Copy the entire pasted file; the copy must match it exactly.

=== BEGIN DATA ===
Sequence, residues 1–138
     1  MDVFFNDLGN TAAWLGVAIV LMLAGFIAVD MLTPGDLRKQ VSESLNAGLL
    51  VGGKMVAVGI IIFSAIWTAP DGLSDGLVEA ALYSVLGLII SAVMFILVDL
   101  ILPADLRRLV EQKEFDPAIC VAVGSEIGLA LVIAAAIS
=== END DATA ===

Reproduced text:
Sequence, residues 1–138
     1  MDVFFNDLGN TAAWLGVAIV LMLAGFIAVD MLTPGDLRKQ VSESLNAGLL
    51  VGGKMVAVGI IIFSAIWTAP DGLSDGLVEA ALYSVLGLII SAVMFILVDL
   101  ILPADLRRLV EQKEFDPAIC VAVGSEIGLA LVIAAAIS